Also, Josh Edgin was battered in one inning of work, giving up five hits, one walk and five runs, three of which were earned.
The Mets' pen is very much unsettled, and Saturday's showing made life even more difficult for manager Terry Collins.
Feb. 28: Nationals 5, Mets 4
The Washington Nationals and New York Mets have developed quite a rivalry over the years, and that was on full display in the Nats' exciting 5-4 win Friday. The two squads were evenly matched throughout, and an RBI triple by Nationals outfielder Michael Taylor in the top of the ninth inning ultimately proved to be the difference.
For the Mets, the big story in this game related to the battle for the No. 5 spot in the starting rotation. No less than six pitchers will vie for that coveted position, and two of them were absolutely fantastic against the Nats.
Rafael Montero got the start and pitched the first two innings. Not only was he perfect, but he showed impressive velocity as well, according to Adam Rubin of ESPNNewYork.com:
Montero was relieved by Jacob deGrom, who looked even better in his two innings of work. Per MLB.com's Anthony DiComo, deGrom punched out four of the six batters that he faced:
DeGrom strikes out four in his two IP. He and Montero whiffed a combined six batters in four perfect innings today. #Mets— Anthony DiComo (@AnthonyDiComo) February 28, 2014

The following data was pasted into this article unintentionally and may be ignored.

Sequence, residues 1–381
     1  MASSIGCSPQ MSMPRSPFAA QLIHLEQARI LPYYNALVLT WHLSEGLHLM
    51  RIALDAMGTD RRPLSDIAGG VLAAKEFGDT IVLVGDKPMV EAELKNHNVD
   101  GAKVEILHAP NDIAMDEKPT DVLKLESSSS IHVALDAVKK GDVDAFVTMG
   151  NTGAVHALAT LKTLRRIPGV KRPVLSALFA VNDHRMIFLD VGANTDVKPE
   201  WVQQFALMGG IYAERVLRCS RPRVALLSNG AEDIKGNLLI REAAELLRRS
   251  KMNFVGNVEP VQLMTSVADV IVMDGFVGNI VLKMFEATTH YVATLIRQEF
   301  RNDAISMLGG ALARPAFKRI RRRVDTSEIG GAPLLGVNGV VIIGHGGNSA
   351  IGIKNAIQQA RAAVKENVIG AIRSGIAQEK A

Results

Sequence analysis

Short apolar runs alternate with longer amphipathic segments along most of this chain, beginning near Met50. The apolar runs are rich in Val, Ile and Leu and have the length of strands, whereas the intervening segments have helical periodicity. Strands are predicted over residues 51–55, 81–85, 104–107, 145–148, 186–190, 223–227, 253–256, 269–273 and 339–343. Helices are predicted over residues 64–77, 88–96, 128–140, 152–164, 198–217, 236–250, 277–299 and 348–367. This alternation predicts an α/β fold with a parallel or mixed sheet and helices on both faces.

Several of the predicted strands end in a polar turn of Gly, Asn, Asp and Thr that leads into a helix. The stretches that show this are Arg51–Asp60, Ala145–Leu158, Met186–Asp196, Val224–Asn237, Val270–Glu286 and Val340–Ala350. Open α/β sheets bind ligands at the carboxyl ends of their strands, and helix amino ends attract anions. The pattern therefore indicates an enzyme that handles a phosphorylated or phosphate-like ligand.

New York's lineup featured plenty of prospective starters, including first baseman Ike Davis. His struggles over the past couple seasons are well documented, but he got his spring off to an ideal start.
Davis cranked a two-run home run in the fifth inning, and the fans let their appreciation be known, according to Andy Martino of the New York Daily News:
Ike Davis hits an enormous bomb, gets standing O, which I feel like you never see in spring training.— Andy Martino (@MartinoNYDN) February 28, 2014
Ultimately, it was a fantastic spring opener for the Mets. Montero and deGrom made their case for a spot on the team, and a handful of potential lineup stalwarts did some damage as well.
Pre-Spring Training Prediction for 2014 Season
Although the Mets certainly took their lumps during the 2013 season, the fanbase was seemingly energized by the emergence of starting pitcher Matt Harvey. At 24 years of age, Harvey started the MLB All-Star Game for the National League and seemed well on his way to a Cy Young Award.
But disaster ultimately struck.
An elbow injury forced the Mets to shut Harvey down for the remainder of the season before he underwent Tommy John surgery in October. That will keep Harvey out of action for the entirety of the 2014 campaign, although he is already able to play catch, as seen in this photo courtesy of SportsNet New York's (SNY) Matt Dunn:
Matt Harvey with his first toss of a baseball since surgery. Pictured. pic.twitter.com/f6F8519nAA— Matt Dunn (@MattDunnSNY) February 22, 2014